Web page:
An American diplomat donated his African art collection to a museum in St. Petersburg on Monday, saying that he wanted to give treasures from his days in Cameroon and Burundi to a city where he had experienced his happiest professional moments.
U.S. Consul General Morris Hughes, 59, who is set to retire and leave his post Tuesday, delivered his African collection to the city's Anthropology and Ethnography Museum or Kunstkamera.
"These things are a part of my life in diplomacy," he said at a ceremony marking the donation. "And I'm glad that this part of my home will belong to the museum."
Hughes gave the museum about 50 objects of everyday African life, such as a drum, vessel for beer and a mask. He said he had collected the objects during his six years of diplomatic service in Cameroon and Burundi.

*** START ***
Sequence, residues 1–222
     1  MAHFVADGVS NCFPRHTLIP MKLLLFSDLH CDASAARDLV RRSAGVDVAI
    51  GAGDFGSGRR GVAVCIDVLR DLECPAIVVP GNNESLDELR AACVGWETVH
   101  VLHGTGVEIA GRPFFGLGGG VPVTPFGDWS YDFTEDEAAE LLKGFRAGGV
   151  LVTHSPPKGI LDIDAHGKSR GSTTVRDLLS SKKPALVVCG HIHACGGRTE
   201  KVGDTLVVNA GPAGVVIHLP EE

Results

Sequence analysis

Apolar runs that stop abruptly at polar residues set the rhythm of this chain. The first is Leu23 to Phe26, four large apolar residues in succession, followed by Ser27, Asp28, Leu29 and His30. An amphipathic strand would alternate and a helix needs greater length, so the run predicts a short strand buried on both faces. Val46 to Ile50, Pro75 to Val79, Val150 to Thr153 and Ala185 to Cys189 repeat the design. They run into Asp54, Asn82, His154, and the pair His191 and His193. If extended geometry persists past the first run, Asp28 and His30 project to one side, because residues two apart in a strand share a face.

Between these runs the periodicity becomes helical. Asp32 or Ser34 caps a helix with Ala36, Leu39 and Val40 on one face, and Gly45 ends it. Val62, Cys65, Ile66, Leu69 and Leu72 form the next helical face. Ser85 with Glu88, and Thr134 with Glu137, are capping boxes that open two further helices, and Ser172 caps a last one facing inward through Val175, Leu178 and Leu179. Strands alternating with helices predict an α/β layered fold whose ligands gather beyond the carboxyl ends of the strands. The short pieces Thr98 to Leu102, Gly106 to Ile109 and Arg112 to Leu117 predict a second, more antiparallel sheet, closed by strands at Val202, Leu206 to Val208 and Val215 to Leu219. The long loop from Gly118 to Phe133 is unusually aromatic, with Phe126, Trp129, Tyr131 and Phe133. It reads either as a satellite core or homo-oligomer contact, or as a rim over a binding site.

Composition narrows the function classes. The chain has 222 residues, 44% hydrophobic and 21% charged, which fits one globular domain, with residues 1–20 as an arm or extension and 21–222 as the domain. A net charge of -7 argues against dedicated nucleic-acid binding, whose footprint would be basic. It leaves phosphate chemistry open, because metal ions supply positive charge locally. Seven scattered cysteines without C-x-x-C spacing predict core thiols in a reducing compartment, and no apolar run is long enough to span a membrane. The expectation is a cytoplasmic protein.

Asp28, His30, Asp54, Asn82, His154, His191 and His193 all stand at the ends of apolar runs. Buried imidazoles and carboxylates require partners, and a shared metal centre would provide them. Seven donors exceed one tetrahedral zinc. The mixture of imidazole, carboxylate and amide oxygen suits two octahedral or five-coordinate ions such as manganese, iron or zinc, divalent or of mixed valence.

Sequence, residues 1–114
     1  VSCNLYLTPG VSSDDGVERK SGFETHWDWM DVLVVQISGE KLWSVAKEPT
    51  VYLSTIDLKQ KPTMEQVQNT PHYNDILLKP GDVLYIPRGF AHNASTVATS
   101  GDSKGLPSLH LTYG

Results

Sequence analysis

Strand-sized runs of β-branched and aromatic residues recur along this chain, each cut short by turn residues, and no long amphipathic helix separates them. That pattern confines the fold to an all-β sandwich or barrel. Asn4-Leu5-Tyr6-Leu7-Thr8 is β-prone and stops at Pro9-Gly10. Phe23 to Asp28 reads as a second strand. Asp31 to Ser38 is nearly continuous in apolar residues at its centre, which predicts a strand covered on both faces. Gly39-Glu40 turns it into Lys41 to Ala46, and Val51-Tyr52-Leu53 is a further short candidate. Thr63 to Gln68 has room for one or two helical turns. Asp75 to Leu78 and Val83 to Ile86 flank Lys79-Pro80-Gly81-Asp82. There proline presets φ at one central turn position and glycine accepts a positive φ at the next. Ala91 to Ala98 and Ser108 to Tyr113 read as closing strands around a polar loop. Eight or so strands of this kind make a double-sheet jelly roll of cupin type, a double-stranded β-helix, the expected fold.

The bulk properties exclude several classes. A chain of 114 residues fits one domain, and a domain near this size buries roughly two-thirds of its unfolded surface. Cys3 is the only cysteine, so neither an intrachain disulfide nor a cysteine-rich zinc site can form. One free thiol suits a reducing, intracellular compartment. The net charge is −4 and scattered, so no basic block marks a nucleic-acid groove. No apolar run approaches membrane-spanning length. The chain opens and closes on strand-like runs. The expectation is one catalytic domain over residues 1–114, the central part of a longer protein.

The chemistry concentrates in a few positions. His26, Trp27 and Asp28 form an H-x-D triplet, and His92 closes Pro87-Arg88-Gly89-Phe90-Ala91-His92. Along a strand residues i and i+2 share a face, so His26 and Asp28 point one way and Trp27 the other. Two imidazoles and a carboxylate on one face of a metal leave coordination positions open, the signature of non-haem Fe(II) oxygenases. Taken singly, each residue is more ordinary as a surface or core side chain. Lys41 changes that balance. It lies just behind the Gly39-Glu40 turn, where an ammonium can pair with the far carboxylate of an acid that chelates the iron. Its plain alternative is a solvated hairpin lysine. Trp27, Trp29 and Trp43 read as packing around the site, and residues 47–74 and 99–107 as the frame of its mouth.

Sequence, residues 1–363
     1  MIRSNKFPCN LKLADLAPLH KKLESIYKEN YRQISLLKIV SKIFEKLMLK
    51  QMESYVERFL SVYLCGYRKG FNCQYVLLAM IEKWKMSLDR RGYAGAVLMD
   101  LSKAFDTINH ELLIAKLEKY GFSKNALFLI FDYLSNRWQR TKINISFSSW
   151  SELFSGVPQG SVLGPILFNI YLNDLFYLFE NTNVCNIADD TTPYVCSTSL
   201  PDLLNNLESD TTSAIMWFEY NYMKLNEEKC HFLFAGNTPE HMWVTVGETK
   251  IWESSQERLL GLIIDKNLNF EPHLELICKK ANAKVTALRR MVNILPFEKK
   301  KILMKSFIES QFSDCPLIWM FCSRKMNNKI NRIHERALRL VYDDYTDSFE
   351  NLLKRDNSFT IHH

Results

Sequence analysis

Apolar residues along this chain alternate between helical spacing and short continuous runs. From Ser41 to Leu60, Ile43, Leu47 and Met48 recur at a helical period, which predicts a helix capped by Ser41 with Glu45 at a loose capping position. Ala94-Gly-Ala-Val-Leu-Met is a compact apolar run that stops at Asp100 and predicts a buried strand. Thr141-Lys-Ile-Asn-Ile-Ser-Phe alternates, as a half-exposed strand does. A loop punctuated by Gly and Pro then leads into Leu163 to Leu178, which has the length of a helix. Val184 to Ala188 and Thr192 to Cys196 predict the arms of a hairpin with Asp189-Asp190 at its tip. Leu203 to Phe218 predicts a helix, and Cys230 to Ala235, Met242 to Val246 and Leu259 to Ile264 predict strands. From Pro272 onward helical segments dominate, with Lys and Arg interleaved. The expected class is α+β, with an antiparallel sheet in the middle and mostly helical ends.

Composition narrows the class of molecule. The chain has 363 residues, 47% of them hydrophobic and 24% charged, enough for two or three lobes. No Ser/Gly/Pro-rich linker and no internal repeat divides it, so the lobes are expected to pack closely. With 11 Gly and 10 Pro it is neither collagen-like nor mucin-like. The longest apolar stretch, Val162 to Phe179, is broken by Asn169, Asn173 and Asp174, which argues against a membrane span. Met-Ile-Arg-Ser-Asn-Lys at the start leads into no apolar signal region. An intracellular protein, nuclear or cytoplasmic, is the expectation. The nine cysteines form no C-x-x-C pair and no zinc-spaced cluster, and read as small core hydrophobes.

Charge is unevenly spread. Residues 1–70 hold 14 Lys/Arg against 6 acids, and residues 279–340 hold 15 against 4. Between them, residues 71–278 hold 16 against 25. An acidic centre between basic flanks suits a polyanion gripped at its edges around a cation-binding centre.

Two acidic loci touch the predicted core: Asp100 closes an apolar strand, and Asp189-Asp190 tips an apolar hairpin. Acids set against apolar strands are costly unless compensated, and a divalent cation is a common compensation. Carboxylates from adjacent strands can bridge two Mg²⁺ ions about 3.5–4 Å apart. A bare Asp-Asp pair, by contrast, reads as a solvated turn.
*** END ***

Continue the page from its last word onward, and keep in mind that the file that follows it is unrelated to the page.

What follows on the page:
Yuri Chistov, director of the Kunstkamera, said Hughes' collection would become an important part of the museum's African art and crafts collection, which is the biggest in Russia.
Hughes twice worked in Russia during Soviet times, but said his three years of work in St. Petersburg was "the best time in his diplomatic service" because he was able to witness monumental changes.
Hughes recalled how in 1984 he was detained - apparently by the KGB - at a marketplace after taking pictures of Russian sellers in a small town 400 kilometers (250 miles) outside Moscow.
The men, dressed in civilian clothes, took him to a police station and started to question him about the pictures.
"What it turned out was that I took a picture of a lady selling a watermelon, but the people she was selling a watermelon to were KGB! I didn't know they were KGB!" he said.
Things have changed since then, though.
Russia, he said, has changed from the Soviet days when "nothing was possible - to everything is possible." IRINA TITOVA, Associated Press Writer
It is assumed that the fighter will be created using new stealth technologies and have a very large interception range - up to 1,500 kilometers